The programs continued to grow with more men signing up for each show, and today, the program is known as Arts Capacity. It has a board of directors committed to improving the lives of those in prison.
As a result of the recitals and the program, Mulcahy said she has witnessed firsthand as inmate after inmate talks about how the music, and the program, have opened up a part of themselves they didn't know existed or didn't know how to tap into.
Jeremy Prather was such an inmate. Now 45, Prather said by phone he became an addict at age 12 and spent most of his life in prison, including nine years at Walker State. The most recent time was for drugs and an armed robbery that resulted in the death of his best friend.
In 2011, Walker State became the testing ground for the Georgia Department of Corrections' new Faith and Character Based Program, which focuses on accountability, responsibility, integrity and faith. Inmates have to apply to be transferred there, and Prather, who found religion in 2012 and held several positions at the prison, including that of program liaison working with the prison staff and prisoners to help facilitate events like Mulcahy's concerts, was transferred there in 2013 and got out in December.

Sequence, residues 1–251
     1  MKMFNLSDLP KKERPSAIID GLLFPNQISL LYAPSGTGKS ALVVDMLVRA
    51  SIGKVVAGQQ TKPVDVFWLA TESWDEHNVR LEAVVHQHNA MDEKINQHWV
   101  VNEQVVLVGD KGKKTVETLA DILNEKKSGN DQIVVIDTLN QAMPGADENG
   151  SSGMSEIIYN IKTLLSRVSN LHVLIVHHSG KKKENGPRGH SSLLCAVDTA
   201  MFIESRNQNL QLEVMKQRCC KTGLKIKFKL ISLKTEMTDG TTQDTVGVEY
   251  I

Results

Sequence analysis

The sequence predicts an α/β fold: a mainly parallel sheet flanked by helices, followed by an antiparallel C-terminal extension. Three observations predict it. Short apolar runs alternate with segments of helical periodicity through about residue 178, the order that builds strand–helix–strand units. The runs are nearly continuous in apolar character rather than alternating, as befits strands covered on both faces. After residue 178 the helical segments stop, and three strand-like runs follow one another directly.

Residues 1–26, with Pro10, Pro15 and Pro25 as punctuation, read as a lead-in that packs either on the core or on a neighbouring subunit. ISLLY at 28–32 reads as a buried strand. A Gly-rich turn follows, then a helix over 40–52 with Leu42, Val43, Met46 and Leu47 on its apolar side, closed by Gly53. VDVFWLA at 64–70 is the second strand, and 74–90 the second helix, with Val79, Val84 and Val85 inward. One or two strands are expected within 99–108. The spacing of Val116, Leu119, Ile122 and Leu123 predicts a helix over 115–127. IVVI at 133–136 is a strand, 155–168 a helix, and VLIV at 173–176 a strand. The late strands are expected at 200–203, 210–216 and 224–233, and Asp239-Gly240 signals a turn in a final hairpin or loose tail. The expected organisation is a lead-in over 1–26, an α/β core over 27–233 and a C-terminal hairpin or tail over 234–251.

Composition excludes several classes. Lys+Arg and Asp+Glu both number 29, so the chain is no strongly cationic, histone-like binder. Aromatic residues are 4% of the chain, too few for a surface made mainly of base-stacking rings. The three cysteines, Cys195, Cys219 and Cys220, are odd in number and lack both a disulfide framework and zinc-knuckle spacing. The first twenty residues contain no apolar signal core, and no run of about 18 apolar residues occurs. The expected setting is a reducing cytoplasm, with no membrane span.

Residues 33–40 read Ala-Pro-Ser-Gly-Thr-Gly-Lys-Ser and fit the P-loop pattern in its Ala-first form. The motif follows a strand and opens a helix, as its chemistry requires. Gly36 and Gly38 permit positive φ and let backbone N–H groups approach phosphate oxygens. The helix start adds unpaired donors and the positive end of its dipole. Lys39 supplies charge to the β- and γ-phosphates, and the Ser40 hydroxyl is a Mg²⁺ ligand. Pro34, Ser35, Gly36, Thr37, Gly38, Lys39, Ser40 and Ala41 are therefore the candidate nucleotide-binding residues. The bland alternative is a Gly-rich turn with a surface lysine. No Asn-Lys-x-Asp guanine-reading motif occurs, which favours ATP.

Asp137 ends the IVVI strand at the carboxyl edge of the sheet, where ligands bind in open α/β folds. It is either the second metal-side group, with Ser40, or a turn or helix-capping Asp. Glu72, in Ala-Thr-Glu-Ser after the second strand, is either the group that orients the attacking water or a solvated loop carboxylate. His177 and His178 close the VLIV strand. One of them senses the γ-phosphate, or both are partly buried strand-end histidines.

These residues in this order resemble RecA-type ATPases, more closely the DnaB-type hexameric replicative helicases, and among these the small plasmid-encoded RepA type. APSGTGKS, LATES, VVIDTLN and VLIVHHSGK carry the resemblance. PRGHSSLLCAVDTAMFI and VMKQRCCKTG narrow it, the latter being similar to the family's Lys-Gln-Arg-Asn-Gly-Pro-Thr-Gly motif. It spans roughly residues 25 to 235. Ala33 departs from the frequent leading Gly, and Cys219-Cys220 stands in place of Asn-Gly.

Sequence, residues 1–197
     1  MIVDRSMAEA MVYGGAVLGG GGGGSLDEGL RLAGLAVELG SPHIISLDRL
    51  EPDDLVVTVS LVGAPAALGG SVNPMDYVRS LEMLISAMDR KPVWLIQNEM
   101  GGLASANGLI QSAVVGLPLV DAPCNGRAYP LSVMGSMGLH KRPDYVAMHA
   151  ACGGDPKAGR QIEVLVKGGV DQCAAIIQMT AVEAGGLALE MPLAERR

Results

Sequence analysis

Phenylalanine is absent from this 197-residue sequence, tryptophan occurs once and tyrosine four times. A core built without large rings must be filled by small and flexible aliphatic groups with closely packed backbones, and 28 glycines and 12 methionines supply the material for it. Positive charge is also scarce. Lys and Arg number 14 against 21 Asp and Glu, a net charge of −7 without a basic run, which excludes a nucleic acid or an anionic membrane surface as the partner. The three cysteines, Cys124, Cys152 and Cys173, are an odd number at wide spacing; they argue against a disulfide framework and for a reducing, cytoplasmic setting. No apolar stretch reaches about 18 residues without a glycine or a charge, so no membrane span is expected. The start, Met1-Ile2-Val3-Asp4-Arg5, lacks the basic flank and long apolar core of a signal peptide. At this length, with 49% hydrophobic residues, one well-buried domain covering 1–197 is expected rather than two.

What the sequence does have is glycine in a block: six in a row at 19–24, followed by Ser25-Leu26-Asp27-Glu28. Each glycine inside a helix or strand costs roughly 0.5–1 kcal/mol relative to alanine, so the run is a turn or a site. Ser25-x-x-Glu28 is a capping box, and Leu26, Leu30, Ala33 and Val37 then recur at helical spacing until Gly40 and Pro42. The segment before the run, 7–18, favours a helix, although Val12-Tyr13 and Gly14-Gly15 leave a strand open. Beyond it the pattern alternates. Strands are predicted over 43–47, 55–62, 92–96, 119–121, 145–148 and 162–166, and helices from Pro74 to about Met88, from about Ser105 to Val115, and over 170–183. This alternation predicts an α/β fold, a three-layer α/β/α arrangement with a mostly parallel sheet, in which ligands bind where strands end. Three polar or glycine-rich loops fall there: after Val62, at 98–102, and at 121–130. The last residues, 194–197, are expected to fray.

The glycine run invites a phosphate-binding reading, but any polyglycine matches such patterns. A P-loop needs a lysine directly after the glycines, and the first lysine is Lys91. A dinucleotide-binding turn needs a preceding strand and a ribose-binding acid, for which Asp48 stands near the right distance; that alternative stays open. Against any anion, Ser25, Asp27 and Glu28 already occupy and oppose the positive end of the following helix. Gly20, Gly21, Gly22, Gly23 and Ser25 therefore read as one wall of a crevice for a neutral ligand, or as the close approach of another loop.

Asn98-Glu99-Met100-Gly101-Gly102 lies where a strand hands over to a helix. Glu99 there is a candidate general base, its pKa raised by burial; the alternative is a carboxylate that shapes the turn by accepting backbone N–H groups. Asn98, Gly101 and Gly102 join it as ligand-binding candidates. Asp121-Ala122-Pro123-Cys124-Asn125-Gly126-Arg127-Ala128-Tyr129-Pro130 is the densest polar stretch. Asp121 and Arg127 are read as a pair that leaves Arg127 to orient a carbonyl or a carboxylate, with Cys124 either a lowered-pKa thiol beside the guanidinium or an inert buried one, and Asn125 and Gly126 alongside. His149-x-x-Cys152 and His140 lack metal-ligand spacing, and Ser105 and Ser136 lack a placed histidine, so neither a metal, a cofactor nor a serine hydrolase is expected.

He is now the regional director of MNA Metanoia (meaning a change of heart) Prison Ministry and developer of MINTS (Miami International Seminary) Seminary-in-Prison.
"That place changed my life," Prather said of Walker.
Prather laughed at the cynical idea that prisoners at Walker sign up for the concerts and now violin lessons just to be entertained for a few minutes or to get out of some other chore, but he said it probably does happen. Most inmates at Walker are sincere about changing their lives, he said, and programs like those help.
"Of course everybody at Walker is not there for the right reason," he said.
"Some want to be closer to home and some want out of another place because of the violence there. Walker has a zero tolerance policy for violence. They are there for all kind of different reasons, but for the most part, they are there for change."
He said the other inmates tend to learn pretty quickly who is sincere and who is not, and they find music is one of the few things they all can share.